Religions 2021, 12(12), 1084; https://doi.org/10.3390/rel12121084 - 09 Dec 2021
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Abstract
Over the past two decades, clerics in the Russian Orthodox Church have found a new outlet for morality policy discussions: news portals, blogs, and other sites that comprise a virtual public sphere of Russian Orthodox online media. One prominent issue discussed herein is [...] Read more.
Over the past two decades, clerics in the Russian Orthodox Church have found a new outlet for morality policy discussions: news portals, blogs, and other sites that comprise a virtual public sphere of Russian Orthodox online media. One prominent issue discussed herein is abortion in Russia, a subject that has spawned debates about possible regulation and prevention measures. This article analyzes statements regarding abortion made by clerics and others serving in the Russian Orthodox Church via Russian Orthodox online portals. Using typologies for framing strategies established through research of morality policy and church-state relations in Russia, this analysis will show that rational-instrumental frames were employed more frequently than religiously based or procedural arguments, and frames expressing affinity and disillusionment with the state were utilized more often than those evoking church-state symphony or anti-government disestablishment. In addition, it will shed light on framing strategies between online portals with varying degrees of proximity to the Moscow Patriarchate. Full article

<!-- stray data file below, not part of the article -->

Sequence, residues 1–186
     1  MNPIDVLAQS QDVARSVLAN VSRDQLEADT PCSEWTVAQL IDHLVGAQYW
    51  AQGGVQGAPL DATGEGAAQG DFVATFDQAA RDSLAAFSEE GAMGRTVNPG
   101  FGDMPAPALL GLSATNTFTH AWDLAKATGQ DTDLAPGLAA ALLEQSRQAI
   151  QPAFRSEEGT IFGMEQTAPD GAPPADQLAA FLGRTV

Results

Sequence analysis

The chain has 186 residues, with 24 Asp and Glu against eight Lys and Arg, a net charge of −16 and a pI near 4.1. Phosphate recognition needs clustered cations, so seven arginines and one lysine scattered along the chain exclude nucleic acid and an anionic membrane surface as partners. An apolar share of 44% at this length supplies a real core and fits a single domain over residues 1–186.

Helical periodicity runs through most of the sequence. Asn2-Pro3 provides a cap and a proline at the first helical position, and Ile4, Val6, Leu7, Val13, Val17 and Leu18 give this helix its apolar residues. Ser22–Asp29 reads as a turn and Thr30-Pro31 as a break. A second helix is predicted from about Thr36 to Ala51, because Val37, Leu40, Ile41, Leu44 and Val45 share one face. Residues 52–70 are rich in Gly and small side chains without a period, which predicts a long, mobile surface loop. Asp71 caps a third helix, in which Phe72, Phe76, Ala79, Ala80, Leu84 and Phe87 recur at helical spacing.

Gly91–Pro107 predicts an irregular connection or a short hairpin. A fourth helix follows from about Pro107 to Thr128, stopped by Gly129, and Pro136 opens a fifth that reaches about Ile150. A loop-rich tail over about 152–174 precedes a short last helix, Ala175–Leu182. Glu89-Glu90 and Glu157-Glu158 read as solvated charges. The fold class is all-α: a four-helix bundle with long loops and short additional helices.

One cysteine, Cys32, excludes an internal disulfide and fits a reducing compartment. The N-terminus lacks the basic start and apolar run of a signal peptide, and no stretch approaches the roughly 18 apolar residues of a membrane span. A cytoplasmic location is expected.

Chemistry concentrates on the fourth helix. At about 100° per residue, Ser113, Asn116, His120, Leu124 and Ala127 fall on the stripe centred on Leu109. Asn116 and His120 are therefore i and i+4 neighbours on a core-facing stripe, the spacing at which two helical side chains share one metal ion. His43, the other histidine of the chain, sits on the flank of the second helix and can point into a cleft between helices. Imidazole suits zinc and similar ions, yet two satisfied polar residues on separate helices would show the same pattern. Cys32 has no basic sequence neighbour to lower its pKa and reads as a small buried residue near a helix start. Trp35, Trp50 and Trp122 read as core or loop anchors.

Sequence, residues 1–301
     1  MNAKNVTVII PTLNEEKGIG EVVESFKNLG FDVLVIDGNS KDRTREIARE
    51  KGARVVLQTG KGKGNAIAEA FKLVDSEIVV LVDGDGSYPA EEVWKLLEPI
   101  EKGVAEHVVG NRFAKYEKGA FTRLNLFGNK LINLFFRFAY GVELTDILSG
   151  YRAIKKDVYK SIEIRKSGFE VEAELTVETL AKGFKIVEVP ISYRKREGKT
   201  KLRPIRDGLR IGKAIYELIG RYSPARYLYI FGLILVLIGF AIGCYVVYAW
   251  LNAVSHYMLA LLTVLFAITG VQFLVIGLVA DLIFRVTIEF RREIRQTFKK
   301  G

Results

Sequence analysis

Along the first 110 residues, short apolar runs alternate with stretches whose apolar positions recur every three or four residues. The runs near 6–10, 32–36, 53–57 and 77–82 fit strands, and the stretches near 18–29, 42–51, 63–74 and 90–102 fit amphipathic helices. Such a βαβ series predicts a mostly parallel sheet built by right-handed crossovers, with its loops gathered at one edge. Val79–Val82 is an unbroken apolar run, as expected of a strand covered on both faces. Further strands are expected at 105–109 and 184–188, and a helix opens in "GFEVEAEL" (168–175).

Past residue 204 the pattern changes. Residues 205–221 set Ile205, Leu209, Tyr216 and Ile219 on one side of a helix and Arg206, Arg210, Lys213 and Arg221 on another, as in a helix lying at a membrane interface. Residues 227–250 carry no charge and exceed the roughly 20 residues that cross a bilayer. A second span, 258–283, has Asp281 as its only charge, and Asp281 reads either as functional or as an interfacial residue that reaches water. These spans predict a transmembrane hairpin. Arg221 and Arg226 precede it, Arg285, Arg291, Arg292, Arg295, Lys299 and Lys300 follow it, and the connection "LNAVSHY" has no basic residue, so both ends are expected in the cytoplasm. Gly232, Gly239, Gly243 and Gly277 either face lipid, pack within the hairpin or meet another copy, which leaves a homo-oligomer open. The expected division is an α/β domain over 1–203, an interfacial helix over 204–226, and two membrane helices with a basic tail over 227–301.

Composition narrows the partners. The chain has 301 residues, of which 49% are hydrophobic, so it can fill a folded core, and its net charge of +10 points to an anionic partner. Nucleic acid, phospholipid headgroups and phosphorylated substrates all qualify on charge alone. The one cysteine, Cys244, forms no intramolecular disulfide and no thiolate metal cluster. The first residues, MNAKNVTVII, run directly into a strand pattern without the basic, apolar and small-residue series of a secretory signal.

(This article belongs to the Special Issue The Russian Orthodox Church After the Post-Soviet Transition)
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Article
Continuity and Change in Orthodox Christianity in Contemporary Russia: Enduring Legacies and New Developments in the Making